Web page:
Birds SA have recorded about 92 species of native bird in the park including Yellow-tailed Black Cockatoo, Adelaide Rosella, Rainbow Lorikeet, Superb Fairywren, New Holland Honeyeater, Striated Pardalote, Black-winged Currawong, Australian Magpie, Magpie-lark, Little Raven, Little Buttonquail, Shining Bronze-Cuckoo, Chestnut-rumped Heathwren, Yellow-rumped Thornbill, and Restless Flycatcher.

DSC_8250

The video below will give you a good idea on the beauty of this park.

I set up on the edge of Third Falls Track.  It was just a short walk from the vehicle and there was plenty of room to string out the 20/40/80m linked dipole.

Screen Shot 2019-07-01 at 8.04.40 pm.png

Above:- Aerial shot of the Morialta Conservation Park showing my operating spot.  Image courtesy of Protected Planet.

I called CQ on 7.144 with Peter VK3PF being first in the log, followed by Deryck VK4FDJL, and then a Park to Park with Nik VK3ZNK/p who was in the Yarrawonga Regional Park VKFF-0981.  Despite it being a weekday, there was a steady flow of callers.  It is a testament as to how popular the WWFF program has become in Australia nowadays.  Within half an hour I had 33 stations in the log.

I moved down to the 80m band to 3.610 and asked if the frequency was in use.  John VK5BJE came back to advise he and others had been waiting for me.  I was then called by Hans VK5YX, Ian VK5CZ in the Clare Valley, and Tony VK5FBIC.

I then saw a spot pop up on parksnpeaks on 40m for Mike VK6MB/3 who was activating a park.  So I quickly lowered the squid pole and took out the links and headed to 7.144.  I logged Mike who was in the Tragowel Swamp Nature Conservation Reserve VKFF-2216.

After logging Mike I moved back down to 80m where I logged two stations, Keith VK3MKE and Nik VK3ZNK/p in the Yarrawonga Regional Park VKFF-0981 for a second band.

I then saw another spot pop up for Angela VK7FAMP.  So it was back to 40m where I spoke with Angela who was in the St Helens Conservation Area VKFF-1153.  This was my fourth Park to Park for the activation.

I then tried my luck on the 20m band but was to be sadly disappointed.  The 20m band has been incredibly poor of late and today was no exception.  I tried 14.310 the normal WWFF calling frequency in Australia, but I was being drowned out by the Over the Horizon Radar.  So I moved down to 20m and called CQ which was answered by Matt VK1MA.  Matt was 5/5 and gave me a 3/3.  About 5 minutes more of CQ calls yielded no callers on that band.

So it was back to 40m where I called CQ on 7.140.  Peter VK2UXO was the first to call with his normal big signal.  Next was Andrei ZL1TM in New Zealand who is a regular park hunter.  I logged a further 6 stations and whilst monitoring parksnpeaks I saw a spot for Gerard VK2IO/5 just below me.  I moved down to 7.135 and logged Gerard, Park to Park from the Granite Island Recreation Park VKFF-1711.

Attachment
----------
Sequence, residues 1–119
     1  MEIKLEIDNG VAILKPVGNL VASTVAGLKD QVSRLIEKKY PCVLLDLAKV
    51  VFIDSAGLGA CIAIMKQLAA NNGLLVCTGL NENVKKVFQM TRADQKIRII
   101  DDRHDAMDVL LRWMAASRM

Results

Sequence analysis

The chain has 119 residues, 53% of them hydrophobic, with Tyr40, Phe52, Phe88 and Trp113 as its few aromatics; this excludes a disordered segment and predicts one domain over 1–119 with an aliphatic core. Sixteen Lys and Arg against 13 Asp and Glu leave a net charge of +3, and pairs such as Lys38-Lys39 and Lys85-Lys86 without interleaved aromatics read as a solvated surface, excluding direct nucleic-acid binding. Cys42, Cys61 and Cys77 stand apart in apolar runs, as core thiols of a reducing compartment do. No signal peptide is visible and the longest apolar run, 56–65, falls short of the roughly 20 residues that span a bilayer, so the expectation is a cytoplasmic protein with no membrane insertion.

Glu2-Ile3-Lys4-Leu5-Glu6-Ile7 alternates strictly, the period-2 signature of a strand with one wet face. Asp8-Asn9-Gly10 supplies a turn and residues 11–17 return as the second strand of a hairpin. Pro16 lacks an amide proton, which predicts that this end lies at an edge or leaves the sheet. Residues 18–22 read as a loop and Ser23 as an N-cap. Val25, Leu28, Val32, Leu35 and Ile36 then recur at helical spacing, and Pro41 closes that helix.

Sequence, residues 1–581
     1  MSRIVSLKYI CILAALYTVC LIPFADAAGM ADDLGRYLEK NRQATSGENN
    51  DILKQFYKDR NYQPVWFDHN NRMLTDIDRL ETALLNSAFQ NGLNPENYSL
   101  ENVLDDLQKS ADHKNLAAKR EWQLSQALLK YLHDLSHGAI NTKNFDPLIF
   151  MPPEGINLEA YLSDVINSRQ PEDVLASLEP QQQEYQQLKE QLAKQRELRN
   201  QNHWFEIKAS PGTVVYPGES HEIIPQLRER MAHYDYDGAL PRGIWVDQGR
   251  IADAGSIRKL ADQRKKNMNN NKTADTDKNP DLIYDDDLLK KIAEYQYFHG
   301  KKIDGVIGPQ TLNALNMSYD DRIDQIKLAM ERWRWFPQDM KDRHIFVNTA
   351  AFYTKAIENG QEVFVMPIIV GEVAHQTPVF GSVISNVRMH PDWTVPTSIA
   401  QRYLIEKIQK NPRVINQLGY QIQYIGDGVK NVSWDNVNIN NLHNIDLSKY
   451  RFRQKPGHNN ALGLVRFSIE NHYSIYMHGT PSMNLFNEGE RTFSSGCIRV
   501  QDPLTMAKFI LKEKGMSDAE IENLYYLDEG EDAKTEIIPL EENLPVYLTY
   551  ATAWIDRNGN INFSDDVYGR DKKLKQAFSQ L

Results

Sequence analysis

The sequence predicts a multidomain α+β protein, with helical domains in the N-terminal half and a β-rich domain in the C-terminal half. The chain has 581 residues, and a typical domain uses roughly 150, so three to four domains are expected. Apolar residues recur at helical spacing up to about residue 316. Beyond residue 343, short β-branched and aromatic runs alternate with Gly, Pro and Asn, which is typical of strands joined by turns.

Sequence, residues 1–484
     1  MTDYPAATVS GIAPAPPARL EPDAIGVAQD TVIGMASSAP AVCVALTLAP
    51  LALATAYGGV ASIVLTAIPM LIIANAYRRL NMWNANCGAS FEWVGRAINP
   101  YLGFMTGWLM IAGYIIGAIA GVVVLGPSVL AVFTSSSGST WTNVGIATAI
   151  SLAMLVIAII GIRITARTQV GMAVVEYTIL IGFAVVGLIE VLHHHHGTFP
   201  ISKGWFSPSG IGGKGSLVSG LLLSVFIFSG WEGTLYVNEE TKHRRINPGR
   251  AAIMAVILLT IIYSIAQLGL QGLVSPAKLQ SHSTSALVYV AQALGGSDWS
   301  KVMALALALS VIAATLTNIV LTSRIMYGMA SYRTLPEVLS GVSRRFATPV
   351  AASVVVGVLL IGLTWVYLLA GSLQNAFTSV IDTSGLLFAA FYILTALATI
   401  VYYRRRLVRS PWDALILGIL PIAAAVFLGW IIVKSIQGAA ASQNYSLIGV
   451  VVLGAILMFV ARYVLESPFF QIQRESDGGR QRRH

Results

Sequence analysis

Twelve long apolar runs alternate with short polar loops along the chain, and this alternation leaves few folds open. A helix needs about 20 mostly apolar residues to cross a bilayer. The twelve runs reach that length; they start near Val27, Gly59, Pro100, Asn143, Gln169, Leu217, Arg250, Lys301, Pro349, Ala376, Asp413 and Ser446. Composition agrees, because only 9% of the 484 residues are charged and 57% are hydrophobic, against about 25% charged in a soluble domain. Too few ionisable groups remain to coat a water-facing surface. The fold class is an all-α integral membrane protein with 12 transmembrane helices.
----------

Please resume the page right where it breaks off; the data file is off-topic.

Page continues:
To conclude the activation I moved back up to 7.140 where I logged a further 9 stations.

DSC_8222

I had 60 contacts in the log and the temperature had now dropped to 9 deg C.  It was time for me to pack up and head off for a bush walk through the park.

I worked the following stations on 40m SSB:-

  1. VK3PF
  2. VK4FDJL
  3. VK3ZNK/p (Yarrawonga Regional Park VKFF-0981)
  4. VK5CZ
  5. VK5BJE
  6. VK3SQ
  7. VK3MPR
  8. VK2NP
  9. VK2VW
  10. VK3DBP/2
  11. VK4NH
  12. VK4DXA
  13. ZL4TY/VK4
  14. VK3ALA
  15. VK4MWB
  16. VK3PAT
  17. VK4RF
  18. VK4HA
  19. VK2DWP/m
  20. VK4HNS
  21. VK4FOMP
  22. VK4TJ
  23. VK4/AC8WN
  24. VK4/VE6XT
  25. VK5YX
  26. VK6KJ
  27. VK6EA
  28. VK5FBIC
  29. VK5SF
  30. VK2AD
  31. VK2YK
  32. VK7LG
  33. VK2MGM
  34. VK6MB/3 (Tragowel Swamp Nature Conservation Reserve VKFF-2216)
  35. VK7FAMP/p (St Helens Conservation Area VKFF-1153)
  36. VK2UXO
  37. ZL1TM
  38. VK4FARR
  39. VK1MA
  40. VK3ARH
  41. VK2LEE
  42. VK5KLD
  43. VK4FAJP
  44. VK2IO/5 (Granite Island Recreation Park VKFF-1711)
  45. VK7ALH
  46. VK7XDM
  47. VK3XDM/7
  48. VK7FRJG
  49. VK2PKT
  50. VK5HV
  51. VK2OQ/m
  52. VK3MCK
  53. VK3IO

I logged the following stations on 80m SSB:-

  1. VK5BJE
  2. VK5YX
  3. VK5CZ
  4. VK5FBIC
  5. VK3ZNK/p (Yarrawonga Regional Park VKFF-0981)
  6. VK3MKE

I worked the following station on 20m SSB:-

  1. VK1MA

I went for a stroll along Moores Track which is well signposted.

DSC_8227

Along the way, I enjoyed some fine views through the trees.

A bit further along the track, I came to a cleared area for power lines which assisted in a less obstructed view of the surrounding countryside.

I then walked back to the car and took a drive along Montacute Road, stopping every now and again to admire the views and take a few photographs.

I also stopped off to have a look at the historic St Pauls Church at Montacute which was consecrated on the 9th day of March 1886.

The church sits on the top of an impressive hill with some terrific views of the surrounding countryside.

I was getting hungry and headed for home, enjoying a quite spectacular sunset.

DSC_8289

 

 

References.

Birds SA, 2019, <https://birdssa.asn.au/location/morialta-conservation-park/>, viewed 1st July 2019

The Heysen Trail, 2019, <https://heysentrail.asn.au/trailwalker/article/the-morialta-barns/>, viewed 1st July 2019

Wikipedia, 2019, <https://en.wikipedia.org/wiki/Morialta_Conservation_Park>, viewed 1st July 2019